How much information is there? Data summarization, trend detection anomaly detection are key technologies Yotta Zetta Exa Peta Tera Giga Mega Kilo All books (words) All Books MultiMedia Everything Recorded ! A Photo 24 Yecto, 21 zepto, 18 atto, 15 femto, 12 pico, 9 nano, 6 micro, 3 milli Slide source Jim Gray – Microsoft Research (modified) A Book A movie See Mike Lesk: How much information is there: http://www.lesk.com/mlesk/ksg97/ksg.html See Lyman & Varian: How much information http://www.sims.berkeley.edu/research/projects/how-much-info// Soon most everything will be recorded and indexed Most bytes will never be seen by humans. These require algorithms, data and knowledge representation, and knowledge of the domain
Astronomy and Computing The Large Synoptic Survey Telescope (LSST) Over 30 thousand gigabytes (30TB) of images will be generated every night during the decade-long LSST sky survey. http://lsst.org/lsst/google LSST and Google share many of the same goals: organizing massive quantities of data and making it useful.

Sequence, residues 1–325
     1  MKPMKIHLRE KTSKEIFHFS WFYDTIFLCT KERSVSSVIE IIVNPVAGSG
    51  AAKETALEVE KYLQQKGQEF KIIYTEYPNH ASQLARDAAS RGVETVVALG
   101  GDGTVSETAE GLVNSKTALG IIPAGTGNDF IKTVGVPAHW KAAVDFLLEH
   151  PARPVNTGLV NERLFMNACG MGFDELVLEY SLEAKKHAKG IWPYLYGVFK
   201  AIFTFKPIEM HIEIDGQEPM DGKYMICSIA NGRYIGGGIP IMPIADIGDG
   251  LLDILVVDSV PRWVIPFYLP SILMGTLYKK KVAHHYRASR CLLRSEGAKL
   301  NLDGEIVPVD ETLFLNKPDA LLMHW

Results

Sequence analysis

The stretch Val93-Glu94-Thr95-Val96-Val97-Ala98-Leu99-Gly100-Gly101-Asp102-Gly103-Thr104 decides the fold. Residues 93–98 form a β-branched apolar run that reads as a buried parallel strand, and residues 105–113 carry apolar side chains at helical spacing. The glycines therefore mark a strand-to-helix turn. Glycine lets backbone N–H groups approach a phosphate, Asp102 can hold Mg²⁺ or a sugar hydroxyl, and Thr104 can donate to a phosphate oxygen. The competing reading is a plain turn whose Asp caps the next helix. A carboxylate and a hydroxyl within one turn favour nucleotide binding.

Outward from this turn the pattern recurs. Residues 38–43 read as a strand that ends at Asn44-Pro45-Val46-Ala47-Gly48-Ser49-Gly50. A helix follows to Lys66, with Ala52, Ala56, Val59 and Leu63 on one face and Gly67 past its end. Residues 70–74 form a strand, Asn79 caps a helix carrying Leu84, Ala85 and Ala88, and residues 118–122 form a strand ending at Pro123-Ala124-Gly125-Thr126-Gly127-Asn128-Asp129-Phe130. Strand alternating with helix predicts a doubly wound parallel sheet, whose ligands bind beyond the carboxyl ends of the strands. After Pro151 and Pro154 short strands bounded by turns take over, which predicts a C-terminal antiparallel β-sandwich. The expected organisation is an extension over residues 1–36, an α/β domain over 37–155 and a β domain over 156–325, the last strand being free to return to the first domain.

New Science This data-driven modeling and discovery linkage has entered a new paradigm. The acquisition of scientific data in all disciplines is now accelerating and causing a nearly insurmountable data avalanche. It is no longer possible for humans to look at any representative fraction of the data. Instead, we may be looking over the shoulders of assisted learning machines at innovative visualizations of metadata. Discoveries will be made via searches for correlations. The role of the experimental scientist increasingly is as inventor of ambitious new searches and new algorithms. Novel theories of nature are tested through searching for the predicted statistical relationships across big data bases. With this accelerated advance in data generation capability, we will require novel, increasingly automated, and increasingly more effective scientific knowledge discovery systems. http://www.lsst.org/lsst/science/technology